Canceled lumen

Developer Concord Adex postponed its previously announced Lumen this year, a 30-story building in a cluster of condos near the Gardiner Expressway, a major highway that connects the western suburbs with the city, according to BuzzBuzzHome.

Comment: Why did they cancel it? No sales? Crappy design? Bedrooms with cars zooming past the windows? Did they need 38 storeys to make financial sense and the city would only approve 30 storeys? You cannot simply through stuff like this around without context. Unless you are just trying to write a negative story.

Menkes Development Ltd was one of the first to announce this year, putting its 29-story 365 Church development on sale for purchase in March. Due for completion in 2017, unit size starts at 323 square feet among the smallest in the city.

“Condo prices are not going up now the way they have been,” said Finn Poschmann, vice president of research at the C.D. Howe Institute in Toronto. “From the developers’ side, they’re saying, ‘OK, enough is enough right now. We’re digesting a shift in the market as it is, and we really don’t need to be beat up more.’”

Comment: Builders have realized that they have hit the wall in terms of what first time buyers and investors will buy. But they are shrinking units, which pushes up the cost per square foot. Trust me, condos are not going down in price any time soon.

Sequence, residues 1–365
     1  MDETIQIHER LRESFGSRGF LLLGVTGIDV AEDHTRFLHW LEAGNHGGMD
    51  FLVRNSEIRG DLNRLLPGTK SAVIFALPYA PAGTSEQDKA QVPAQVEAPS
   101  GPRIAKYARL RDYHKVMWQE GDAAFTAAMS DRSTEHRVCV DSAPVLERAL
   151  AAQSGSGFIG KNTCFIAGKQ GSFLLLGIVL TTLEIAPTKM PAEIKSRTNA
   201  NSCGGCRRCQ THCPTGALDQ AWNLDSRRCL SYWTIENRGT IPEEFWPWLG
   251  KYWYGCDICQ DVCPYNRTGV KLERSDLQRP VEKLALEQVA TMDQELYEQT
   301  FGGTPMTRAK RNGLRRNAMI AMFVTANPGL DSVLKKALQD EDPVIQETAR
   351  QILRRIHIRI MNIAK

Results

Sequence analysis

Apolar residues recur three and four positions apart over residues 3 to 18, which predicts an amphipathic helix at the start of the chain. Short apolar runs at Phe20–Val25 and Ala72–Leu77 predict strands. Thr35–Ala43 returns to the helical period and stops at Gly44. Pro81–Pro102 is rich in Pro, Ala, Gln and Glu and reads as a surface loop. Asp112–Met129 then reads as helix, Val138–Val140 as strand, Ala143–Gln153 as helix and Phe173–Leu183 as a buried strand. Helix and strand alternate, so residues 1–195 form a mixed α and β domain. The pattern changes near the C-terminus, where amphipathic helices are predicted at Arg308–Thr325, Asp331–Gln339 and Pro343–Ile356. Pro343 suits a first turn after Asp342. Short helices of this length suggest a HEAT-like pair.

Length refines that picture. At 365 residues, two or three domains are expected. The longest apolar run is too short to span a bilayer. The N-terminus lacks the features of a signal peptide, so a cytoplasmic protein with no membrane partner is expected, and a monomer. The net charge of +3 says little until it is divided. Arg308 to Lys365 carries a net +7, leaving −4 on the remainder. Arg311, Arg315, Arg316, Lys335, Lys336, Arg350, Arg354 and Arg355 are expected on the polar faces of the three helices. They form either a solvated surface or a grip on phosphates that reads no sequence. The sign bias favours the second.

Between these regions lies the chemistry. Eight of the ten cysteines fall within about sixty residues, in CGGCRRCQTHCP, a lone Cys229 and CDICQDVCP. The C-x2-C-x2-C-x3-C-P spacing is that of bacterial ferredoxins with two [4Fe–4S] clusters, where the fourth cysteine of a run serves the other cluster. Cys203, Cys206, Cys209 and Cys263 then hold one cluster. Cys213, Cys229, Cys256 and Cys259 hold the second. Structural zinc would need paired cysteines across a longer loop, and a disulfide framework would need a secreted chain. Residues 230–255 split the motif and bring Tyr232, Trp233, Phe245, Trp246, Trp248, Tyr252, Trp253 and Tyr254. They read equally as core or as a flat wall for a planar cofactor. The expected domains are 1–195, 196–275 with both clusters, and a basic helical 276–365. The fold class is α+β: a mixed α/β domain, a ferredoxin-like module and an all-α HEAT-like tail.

Sales dropping

Sales of high-rise homes in the city have dropped 34% since 2011 after rising 64% in the past decade until 2012. Prices have declined 5.5% over the past two years, according to RealNet.

Comment: New condos we are talking about here, let’s be clear. And if there are a record number of completions, how could there be less sales? More completed condos means more were bought. And taking a slice out of a longer term is cherry picking the data. Your two data sets overlap – how could sales drop from 2011-2013 when sales rose from 2002-2012? If sales rose in 2011 and 2012, how did they drop? Your math makes no sense…

Sales are weakening after the government tightened mortgage rules to curb record household debt and orchestrate a so-called “soft landing” in the housing market. Benchmark interest rates held at 1% since 2009 in the longest pause since the 1950s stoked a housing boom. The government has been trying to rein it in, shortening amortizations in June to 25 years from 30 years, the fourth time in four years it tightened home loan regulations. The Office of the Superintendent of Financial Institutions also introduced tougher standards for lenders.

Comment: And it worked – sales fell around 10-15%. But once we hit July and have two months with the same mortgage rules, we will not be talking about less sales anymore. The funny part is that numbers will probably rise again through the end of next year and will look strong against the weaker 2012 numbers. And the press will go on about rising sales – just as they did about the dropping sales – with no context. Mark my words!

The government has also pressured banks not to cut home loan lending rates below 3%, with Finance Minister Jim Flaherty saying March 19 that “we don’t want a race to the bottom on mortgage rates.” Manulife Financial Corp. withdrew a promotional 2.89% five-year fixed mortgage rate after the finance department called the bank to express the minister’s “displeasure.”

Comment: No, Flaherty did not tell banks to stay above 3% – he just said he was not happy when BMO offered the lower rate. They responded by offering 2.79% to their best clients, secretly. And I have seen ads in CIBC offering 2.99% mortgages with 3% cash back.